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Rhodes University (2018)

Arbuscular mycorrhizal fungi as a bio-indicator of soil health under agricultural management practices in South Africa

Sekgota, Wendy Maphefo

Titre : Arbuscular mycorrhizal fungi as a bio-indicator of soil health under agricultural management practices in South Africa

Auteur : Sekgota, Wendy Maphefo

Université de soutenance : Rhodes University

Grade : MASTER OF SCIENCE IN MICROBIOLOGY 2018

Résumé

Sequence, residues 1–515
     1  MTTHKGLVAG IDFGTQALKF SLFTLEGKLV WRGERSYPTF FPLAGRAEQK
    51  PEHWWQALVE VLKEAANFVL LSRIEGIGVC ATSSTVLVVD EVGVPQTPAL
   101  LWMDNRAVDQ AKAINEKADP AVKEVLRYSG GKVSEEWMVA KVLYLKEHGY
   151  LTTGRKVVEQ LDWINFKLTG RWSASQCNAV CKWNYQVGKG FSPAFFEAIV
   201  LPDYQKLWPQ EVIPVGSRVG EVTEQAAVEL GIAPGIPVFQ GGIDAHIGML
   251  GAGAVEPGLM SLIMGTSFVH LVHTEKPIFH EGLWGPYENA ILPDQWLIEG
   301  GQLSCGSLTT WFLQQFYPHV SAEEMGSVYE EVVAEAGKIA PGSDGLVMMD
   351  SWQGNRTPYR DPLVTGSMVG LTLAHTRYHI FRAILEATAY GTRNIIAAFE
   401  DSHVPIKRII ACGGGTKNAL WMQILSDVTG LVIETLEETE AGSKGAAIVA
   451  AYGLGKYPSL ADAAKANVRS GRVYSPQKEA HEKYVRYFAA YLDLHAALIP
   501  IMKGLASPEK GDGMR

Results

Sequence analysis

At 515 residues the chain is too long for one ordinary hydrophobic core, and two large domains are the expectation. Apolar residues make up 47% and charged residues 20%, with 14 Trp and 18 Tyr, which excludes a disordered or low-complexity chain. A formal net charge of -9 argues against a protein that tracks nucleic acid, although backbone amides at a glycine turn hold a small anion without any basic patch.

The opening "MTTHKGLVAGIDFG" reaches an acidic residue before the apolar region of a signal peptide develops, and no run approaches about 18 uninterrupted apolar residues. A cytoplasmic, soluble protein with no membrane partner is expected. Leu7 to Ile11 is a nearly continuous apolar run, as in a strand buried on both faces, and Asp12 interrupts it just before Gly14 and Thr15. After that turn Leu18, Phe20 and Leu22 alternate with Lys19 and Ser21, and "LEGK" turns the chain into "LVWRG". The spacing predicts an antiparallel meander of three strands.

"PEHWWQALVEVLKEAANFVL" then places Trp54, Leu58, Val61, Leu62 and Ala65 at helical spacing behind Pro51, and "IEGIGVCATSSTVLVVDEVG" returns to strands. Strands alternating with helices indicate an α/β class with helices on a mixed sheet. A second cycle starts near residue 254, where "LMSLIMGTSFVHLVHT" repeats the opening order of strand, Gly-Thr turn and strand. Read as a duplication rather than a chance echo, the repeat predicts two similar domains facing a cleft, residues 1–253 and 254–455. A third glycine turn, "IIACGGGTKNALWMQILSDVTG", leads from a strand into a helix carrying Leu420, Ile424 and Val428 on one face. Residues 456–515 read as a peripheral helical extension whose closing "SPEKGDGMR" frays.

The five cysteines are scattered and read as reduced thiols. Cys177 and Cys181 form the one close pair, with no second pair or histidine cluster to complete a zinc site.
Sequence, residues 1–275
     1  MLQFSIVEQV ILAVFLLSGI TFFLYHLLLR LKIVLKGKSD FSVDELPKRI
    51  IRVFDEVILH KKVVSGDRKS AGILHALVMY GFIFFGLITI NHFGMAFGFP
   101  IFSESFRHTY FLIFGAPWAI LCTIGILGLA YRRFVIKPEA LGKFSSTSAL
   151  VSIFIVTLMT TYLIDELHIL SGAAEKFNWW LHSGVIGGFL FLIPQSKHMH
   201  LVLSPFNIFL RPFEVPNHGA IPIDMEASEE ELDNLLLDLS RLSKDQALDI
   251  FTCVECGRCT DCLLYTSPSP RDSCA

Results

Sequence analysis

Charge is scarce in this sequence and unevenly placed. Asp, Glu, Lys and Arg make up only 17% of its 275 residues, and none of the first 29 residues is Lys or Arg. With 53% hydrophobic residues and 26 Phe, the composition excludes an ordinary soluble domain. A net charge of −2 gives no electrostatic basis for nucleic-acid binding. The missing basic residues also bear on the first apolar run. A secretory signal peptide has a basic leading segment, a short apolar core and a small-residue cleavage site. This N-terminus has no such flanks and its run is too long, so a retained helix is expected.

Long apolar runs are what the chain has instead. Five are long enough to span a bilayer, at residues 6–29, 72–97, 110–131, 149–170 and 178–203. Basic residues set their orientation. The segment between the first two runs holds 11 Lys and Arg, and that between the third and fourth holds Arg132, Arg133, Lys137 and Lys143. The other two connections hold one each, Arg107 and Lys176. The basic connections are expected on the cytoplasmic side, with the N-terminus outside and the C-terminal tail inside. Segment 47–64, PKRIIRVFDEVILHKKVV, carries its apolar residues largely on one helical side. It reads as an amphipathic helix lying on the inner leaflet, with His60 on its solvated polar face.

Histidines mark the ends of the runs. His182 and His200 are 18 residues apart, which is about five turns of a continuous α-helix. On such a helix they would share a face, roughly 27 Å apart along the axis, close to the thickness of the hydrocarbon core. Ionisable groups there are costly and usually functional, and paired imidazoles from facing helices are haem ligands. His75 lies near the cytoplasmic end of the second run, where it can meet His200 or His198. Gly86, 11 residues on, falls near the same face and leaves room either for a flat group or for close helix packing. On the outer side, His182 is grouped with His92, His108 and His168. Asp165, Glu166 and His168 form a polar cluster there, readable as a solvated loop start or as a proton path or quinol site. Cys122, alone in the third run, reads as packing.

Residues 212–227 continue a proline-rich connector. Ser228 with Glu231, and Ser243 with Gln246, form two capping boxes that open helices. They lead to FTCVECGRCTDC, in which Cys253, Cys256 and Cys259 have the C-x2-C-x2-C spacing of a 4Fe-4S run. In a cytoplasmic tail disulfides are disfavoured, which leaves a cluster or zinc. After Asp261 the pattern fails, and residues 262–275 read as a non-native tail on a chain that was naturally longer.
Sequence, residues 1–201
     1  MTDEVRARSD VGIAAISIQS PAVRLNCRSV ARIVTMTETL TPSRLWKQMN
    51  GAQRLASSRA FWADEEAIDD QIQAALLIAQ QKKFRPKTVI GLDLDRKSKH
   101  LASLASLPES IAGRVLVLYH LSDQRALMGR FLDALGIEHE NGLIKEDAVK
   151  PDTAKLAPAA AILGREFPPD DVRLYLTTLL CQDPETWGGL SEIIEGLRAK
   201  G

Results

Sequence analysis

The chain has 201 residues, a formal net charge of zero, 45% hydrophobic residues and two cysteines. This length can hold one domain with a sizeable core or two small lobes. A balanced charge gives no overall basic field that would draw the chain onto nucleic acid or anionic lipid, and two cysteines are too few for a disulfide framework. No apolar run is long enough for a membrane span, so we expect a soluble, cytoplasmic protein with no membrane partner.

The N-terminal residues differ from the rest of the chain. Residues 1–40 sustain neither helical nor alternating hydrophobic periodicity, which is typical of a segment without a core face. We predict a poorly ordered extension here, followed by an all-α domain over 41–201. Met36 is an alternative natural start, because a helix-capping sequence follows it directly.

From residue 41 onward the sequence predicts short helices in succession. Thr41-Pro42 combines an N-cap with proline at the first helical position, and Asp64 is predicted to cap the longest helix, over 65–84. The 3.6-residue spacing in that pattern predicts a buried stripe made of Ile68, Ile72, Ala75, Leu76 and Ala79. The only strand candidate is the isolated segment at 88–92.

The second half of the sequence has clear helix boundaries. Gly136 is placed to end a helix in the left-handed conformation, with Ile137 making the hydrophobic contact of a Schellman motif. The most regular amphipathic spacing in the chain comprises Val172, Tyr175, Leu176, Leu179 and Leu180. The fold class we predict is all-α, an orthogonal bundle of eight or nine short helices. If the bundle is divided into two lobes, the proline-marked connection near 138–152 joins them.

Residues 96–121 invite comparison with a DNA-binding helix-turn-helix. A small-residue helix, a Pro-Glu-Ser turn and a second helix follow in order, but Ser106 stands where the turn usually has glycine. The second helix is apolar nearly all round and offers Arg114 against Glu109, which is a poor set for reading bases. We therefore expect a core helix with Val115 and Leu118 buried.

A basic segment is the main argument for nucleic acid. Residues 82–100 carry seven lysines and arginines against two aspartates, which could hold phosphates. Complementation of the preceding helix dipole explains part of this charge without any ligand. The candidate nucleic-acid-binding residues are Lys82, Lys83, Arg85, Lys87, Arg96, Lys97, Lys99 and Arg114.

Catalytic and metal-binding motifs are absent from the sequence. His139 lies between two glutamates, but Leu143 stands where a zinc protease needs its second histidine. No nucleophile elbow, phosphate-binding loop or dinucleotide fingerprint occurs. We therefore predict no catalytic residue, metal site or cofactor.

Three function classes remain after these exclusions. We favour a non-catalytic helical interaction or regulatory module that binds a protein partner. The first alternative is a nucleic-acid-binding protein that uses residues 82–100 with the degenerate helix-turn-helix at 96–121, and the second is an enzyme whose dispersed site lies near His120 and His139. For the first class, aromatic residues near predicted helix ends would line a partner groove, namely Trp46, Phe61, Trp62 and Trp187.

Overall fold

This study investigated the activity of arbuscular mycorrhizal (AM) fungi as a potential biological indicator of soil health under conventional and conservation agricultural management in South Africa. An experimental trial consisting of three replicates plots under conventional and reduced tillage subdivided into twelve treatments of six crops and two fertilizer inputs was assessed over four growing seasons for various AM fungal parameters such as spore density, most probable number (MPN) of propagules percentage root colonisation and easily extractable glomalin (EEG). Cropping combinations were maize monoculture ; maize soybean rotation ; maize cowpea rotation ; maize cowpea intercropping ; maize oats intercropping and maize vetch intercropping. Resident AM fungal spore numbers and EEG protein levels were very low and no root colonization was recorded in the first two growing seasons. These findings prompted the need for the inoculation of the study site in the third growing season with a commercial AM fungal product (MycorootTM). Spore numbers, EEG concentrations and percentage root colonisation increased 8 weeks after inoculation but were significantly reduced in the fourth growing season that was not inoculated. MPN infectivity increased with inoculation particularly under conventional tillage and maize monoculture. Resident spore taxa were morphologically identified into three genera Gigaspora, Scutellospora, and Glomus. For the first two growing seasons, the maize roots were heavily colonized by a pathogenic fungus after mycorrhizal inoculation no evidence of pathogenic fungi was observed. In the fourth growing season which did not receive inoculation, root colonization started to decline. Reduced tillage, high fertilizer input combined with maize cowpea rotation (MC) and maize hairy vetch intercropping (Mv) had a significant effect (P = 0.01) on AM fungal spore numbers. Cropping systems and high fertilizer input had a significant effect on EEG concentrations in the second growing season. Overall, fertilizer application and crop type had implications for mycorrhizal activity. The soil health status in this study site was deemed low as measured by the impaired mycorrhizal activity due to agricultural management practices. Field inoculation combined with classical and molecular tools could provide a more realistic assessment of the effect of agricultural management practices on AM fungi as potential bioindicators of soil health. Therefore, AM fungi could be used as bioindicators of soil health under agricultural management practices in South African soil conditions.

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